OREGON (WKOW) -- The Dewbre family from Oregon got to see a lot of each other during the pandemic, as virtual learning kept the kids at home -- hanging out with the family as much as they could stand.
"12- and 13-year-olds think their parents aren't very cool," said mom Sarah Dewbre.
7-year-old Allie, 10-year-old Jack and 13-year-old Owen make up the next generation of Dewbres.
"COVID hit (Owen) pretty hard," Sarah said. "He's a very social kid, so that isolation changed him a little bit."
Change isn't new for Owen.
"He was about 10 when he came to us and said he associated as a male," Sarah said.
Owen was born female. Sarah says the family supported him from the beginning, but growing into a transgender teenager during a pandemic was not easy.
"He's not going through any of those normal biological changes that a boy would go through in eight grade, right?" she said. "So his voice isn't changing and sounds still very feminine. When he's on a video call, most of them don't even have their cameras on -- it's usually just people talking. and I think that was really hard for him."
Isolation kept him safe from the virus, but something just as sinister started slowly infecting him.
"It's much easier to say on social media, 'You're gross. You're transgender,'" Sarah said. "Where someone probably wouldn't say that to their face."
Owen has been vocal about being transgender, speaking last year to a crowded Oregon park celebrating marginalized communities after George Floyd was killed.
He was the same way online, finding a community that accepted him.
"There was this group of probably, I don't know, a thousand different kids that all messaged back and forth which each other," Sarah said.
That filled his socialization void -- until the community turned on him.
"That was when my son tried to take action and tried to commit suicide," Sarah said. "My ex-husband took him into the hospital, and then I took his phone."
What she found on his phone shocked her.
"There were at least 800 messages sent to my son telling him to kill himself," Sarah said.
Owen spent eight days in an emergency facility.
The messages kept coming.
"One of the young people found his Facebook profile, and then found out I was his mom through his Facebook profile," Sarah said. "They started sending me threatening Facebook messages about how I'm raising this terrible kid and he should kill himself."
The Wisconsin Office of Children's Mental Health says this state is among the top five for most insurance claims for intentional self-harm injuries during the pandemic—a 100 percent increase in self-harm, substance abuse and mental health claims for teens in 2020 compared to 2019.
The pandemic—and its isolation—gripping kids tightly.
"We're getting a large number of calls from parents looking to find ways to get support for their children," said Anna Moffit, who runs Dane County's chapter of the National Alliance on Mental Illness. She says this mental health crisis is not new to 2020.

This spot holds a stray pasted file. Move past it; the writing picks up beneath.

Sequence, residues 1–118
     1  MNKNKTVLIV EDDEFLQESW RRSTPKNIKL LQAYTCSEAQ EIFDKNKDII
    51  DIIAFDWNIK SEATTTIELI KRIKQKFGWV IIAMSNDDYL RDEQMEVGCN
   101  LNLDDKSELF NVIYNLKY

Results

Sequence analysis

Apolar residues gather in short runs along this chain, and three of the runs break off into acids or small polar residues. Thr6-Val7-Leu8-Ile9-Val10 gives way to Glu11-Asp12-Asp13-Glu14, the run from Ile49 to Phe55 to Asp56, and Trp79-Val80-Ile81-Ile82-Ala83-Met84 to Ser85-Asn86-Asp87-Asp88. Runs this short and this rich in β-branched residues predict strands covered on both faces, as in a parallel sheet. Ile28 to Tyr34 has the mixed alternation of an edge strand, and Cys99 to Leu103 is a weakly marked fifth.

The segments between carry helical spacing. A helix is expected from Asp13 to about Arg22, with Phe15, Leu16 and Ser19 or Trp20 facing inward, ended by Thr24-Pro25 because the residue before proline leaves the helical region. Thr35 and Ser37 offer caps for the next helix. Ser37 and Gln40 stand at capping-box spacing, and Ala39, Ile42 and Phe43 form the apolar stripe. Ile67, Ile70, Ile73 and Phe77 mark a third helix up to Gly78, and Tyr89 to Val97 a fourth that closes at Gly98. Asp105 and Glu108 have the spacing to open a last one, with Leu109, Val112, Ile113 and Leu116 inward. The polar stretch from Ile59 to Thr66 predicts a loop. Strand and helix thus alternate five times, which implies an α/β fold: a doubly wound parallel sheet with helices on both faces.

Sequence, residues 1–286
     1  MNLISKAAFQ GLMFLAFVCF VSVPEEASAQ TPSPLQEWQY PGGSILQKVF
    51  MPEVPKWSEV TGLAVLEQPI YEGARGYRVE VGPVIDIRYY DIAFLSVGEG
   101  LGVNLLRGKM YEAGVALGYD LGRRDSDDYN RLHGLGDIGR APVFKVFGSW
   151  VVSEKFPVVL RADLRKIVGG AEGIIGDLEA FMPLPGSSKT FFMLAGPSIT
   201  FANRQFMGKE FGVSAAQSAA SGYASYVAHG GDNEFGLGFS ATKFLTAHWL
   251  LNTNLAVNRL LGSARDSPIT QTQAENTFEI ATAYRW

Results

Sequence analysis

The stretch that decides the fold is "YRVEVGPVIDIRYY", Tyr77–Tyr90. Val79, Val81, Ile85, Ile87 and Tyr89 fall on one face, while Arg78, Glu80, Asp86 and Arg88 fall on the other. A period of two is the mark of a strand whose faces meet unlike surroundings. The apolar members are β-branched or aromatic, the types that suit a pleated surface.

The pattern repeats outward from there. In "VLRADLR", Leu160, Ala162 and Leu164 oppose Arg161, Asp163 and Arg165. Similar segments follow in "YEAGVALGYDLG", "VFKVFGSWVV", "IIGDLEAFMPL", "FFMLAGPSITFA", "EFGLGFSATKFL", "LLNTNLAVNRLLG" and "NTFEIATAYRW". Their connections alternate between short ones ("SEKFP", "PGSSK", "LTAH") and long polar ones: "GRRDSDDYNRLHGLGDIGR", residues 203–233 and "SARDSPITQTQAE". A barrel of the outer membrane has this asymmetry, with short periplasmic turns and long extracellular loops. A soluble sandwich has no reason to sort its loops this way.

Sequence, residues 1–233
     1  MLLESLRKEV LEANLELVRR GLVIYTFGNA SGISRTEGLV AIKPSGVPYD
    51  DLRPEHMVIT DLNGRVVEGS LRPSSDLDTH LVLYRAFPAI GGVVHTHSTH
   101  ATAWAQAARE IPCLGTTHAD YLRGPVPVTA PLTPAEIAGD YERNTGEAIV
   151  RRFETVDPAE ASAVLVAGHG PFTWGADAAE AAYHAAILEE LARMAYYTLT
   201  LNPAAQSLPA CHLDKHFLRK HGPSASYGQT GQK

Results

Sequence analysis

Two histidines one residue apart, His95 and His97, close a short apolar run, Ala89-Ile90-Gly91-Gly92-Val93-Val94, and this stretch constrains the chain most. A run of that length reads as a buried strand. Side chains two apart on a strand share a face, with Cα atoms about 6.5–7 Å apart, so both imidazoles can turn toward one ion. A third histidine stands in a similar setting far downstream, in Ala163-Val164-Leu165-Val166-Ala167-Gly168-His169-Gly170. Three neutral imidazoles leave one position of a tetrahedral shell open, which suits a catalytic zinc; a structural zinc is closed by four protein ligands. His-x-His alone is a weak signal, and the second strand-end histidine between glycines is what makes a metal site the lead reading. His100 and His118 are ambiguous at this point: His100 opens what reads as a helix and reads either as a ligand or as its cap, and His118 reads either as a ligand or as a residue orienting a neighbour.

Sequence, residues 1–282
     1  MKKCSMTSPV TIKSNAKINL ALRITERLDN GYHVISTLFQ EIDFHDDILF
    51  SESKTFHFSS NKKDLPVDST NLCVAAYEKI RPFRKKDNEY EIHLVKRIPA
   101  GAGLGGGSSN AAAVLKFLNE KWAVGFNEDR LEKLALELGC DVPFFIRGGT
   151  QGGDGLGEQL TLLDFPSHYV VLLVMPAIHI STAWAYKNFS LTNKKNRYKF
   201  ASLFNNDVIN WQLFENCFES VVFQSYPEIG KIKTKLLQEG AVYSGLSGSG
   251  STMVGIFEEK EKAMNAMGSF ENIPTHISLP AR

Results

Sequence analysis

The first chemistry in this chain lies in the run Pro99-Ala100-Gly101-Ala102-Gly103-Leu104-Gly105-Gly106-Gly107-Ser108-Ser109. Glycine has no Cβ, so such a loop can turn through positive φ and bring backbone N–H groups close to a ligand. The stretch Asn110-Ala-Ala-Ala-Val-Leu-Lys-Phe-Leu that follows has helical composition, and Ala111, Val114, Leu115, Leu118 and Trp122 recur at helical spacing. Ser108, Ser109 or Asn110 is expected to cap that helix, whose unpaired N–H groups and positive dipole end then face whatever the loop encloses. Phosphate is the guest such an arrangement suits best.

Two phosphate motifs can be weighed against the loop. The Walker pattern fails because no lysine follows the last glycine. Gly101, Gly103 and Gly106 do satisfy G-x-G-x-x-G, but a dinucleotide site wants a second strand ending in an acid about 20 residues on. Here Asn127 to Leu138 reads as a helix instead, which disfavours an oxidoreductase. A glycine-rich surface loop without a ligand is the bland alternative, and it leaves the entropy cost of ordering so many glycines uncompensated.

"Pre-pandemic, we were really looking at a steady increase in mental health conditions across the board," she said.
State health data shows that increase each year in people using mental health services, until 2020 -- when there was actually a slight drop.
While the mental health crisis exploded, the availability of services was slim.
"I think when we all went into sheltering in place, people obviously were worried about going out, or maybe they didn't want to engage with telehealth services, which is what most providers moved towards," Moffit said.
In Owen's situation, mom Sarah says he needs a type of continued support that just isn't available.
"Right now, when we're looking for them, the waitlist is about three months long for him to get into any of those facilities," she said.
That's three months Sarah doesn't have.
Toward the end of April, three weeks after his first trip to the hospital, Owen was back in emergency care.
He tried to take his life again.
"I think my story's exactly what's going to happen with other individuals," Sarah said. "A scare happens, you bring them to the right facility, you do the things that you need to, and then they come home. But they're not here, they're not healthy yet, and they need more support."
Moffit says the wait times for continued care have been long for quite a while.
"Wait times have been an issue since I have been engaged with the behavioral health system," she said.
Moffit says organizations like her's are working hard to fill gaps, but big, systemic changes are needed to address mental health -- from all levels of government -- because the problem will only grow.
"There's really going to be this collective trauma that we've experienced and that will need to be addressed down the road," she said.
Moffit is optimistic that because the crisis is now so visible, it will finally be addressed.
"I do think it has elevated the issue of behavioral health and the importance of support for people who are living with a mental health condition," she said. "So that has been really positive."
But change comes slowly.
And for a family, and a boy, dealing with so many changes -- slowly won't cut it.
"I can call until I'm blue in the face," Sarah Dewbre said. "But that's not going to make a bed open up."
The Oregon community is hosting an event to celebrate LGBTQ people there on June 5. That's the same event at which Owen spoke last summer.
If you, your child or someone you know is struggling, you can always reach out to the National Suicide Prevention Lifeline at 1-800-273-8255 or chat with them online at suicidepreventionlifeline.org.